Apple has claimed that opening up iPhone NFC chips to mobile banking use outside of Apple Pay would compromise the phones' security.
The claim follows four Australian banks requesting permission to negotiate with Apple as a bloc rather than join Apple Pay. The banks – the Commonwealth Bank of Australia, Westpac, National Australia Bank and Bengido and Adelaide Bank – were petitioning for their own apps to be able to use the iPhone's contactless ability and therefore access a portion of the transaction fee that Apple takes.
According to The Register, the banks petitioned the Australian Competition and Consumer Commission (ACCC) to be able to approach Apple as a bloc, and the ACCC posted Apple's reply to the submission on its website.
Apple claims that its security measures for both hardware and software are so deeply integrated that providing access to the NFC antenna for banking applications would "fundamentally diminish" the level of security Apple aims to provide.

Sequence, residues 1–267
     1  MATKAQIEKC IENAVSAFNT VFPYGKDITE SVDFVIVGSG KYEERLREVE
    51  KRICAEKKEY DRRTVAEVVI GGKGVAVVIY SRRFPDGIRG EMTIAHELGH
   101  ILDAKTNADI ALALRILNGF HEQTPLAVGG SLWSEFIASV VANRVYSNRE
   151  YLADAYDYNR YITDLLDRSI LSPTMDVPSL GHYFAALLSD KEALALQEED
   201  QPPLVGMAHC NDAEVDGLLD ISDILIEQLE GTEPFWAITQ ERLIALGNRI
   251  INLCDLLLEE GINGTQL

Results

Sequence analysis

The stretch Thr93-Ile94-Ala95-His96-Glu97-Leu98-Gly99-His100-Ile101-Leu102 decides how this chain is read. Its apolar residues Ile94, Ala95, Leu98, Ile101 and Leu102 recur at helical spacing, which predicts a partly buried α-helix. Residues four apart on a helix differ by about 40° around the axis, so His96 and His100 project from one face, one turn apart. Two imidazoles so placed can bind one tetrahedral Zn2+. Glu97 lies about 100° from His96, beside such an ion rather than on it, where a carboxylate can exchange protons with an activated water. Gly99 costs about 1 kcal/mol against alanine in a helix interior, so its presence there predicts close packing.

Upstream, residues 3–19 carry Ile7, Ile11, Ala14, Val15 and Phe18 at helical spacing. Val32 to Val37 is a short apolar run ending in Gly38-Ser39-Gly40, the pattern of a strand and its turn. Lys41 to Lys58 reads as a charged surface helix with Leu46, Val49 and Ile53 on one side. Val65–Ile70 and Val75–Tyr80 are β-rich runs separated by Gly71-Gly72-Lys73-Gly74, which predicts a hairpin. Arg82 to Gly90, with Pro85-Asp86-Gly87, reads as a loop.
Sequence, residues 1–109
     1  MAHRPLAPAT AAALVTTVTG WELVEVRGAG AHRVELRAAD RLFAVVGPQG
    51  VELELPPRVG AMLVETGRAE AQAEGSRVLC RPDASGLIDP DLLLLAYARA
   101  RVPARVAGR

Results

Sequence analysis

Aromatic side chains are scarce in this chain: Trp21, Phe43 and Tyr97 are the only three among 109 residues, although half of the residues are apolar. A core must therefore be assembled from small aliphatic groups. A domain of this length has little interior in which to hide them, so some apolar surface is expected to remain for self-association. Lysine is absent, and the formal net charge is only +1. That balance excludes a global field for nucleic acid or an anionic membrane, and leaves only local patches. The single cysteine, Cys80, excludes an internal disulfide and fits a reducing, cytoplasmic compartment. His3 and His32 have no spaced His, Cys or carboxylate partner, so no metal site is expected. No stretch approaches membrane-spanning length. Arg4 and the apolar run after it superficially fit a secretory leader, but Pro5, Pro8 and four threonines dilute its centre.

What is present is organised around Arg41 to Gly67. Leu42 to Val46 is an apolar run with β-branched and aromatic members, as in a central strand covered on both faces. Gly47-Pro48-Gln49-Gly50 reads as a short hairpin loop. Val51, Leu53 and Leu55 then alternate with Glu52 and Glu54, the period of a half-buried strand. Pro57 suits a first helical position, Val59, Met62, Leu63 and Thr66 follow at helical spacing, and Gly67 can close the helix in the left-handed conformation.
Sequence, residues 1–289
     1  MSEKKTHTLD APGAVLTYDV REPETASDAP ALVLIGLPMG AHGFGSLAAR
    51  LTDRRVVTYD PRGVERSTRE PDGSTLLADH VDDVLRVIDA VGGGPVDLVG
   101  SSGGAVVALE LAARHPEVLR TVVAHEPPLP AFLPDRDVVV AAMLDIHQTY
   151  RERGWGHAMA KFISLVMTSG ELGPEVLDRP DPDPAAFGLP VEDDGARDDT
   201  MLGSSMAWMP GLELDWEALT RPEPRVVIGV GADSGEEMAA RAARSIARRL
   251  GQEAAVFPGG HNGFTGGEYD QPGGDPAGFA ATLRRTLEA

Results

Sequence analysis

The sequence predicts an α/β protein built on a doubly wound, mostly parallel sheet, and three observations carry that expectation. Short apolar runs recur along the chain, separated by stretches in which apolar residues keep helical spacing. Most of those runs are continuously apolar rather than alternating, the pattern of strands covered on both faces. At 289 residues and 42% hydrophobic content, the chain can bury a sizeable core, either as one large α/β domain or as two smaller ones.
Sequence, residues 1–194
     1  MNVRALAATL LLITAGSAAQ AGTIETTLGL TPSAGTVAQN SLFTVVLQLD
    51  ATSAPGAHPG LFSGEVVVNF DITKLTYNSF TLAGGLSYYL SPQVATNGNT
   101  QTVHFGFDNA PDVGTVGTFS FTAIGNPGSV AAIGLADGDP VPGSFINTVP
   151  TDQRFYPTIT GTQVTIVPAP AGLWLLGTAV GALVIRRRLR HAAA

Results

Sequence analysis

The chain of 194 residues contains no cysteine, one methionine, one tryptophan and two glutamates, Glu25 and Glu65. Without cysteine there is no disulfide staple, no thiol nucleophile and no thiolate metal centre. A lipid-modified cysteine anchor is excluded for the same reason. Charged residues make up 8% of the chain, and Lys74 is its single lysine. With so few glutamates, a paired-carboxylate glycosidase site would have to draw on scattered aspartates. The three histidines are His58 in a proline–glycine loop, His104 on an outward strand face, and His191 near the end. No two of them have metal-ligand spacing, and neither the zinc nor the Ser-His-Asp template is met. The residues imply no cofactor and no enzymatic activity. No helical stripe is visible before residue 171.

Apple's letter also points out that one of the four banks in the bloc argues that Apple's terms and conditions for Apple Pay are too restrictive, but the bank has yet to sign the confidentiality agreement Apple requires before it discloses the full details of the service, so the bank should not have the full information on Apple Pay's intricacies.
"Unfortunately, and based on their limited understanding of the offering, the (banks) perceive Apple Pay as a competitive threat," said Marj Demmer, an spokesperson for Apple Pay who wrote the letter. "These banks want to maintain complete control over their customers. The present application is only the latest tactic employed by these competing banks to blunt Apple's entry into the Australia market."
Apple went as far to call the banks teaming up a "cartel" that would be illegal under Australia's competition laws. So far, over 3,000 banks worldwide have accepted Apple Pay's conditions in order to integrate it into their offering.
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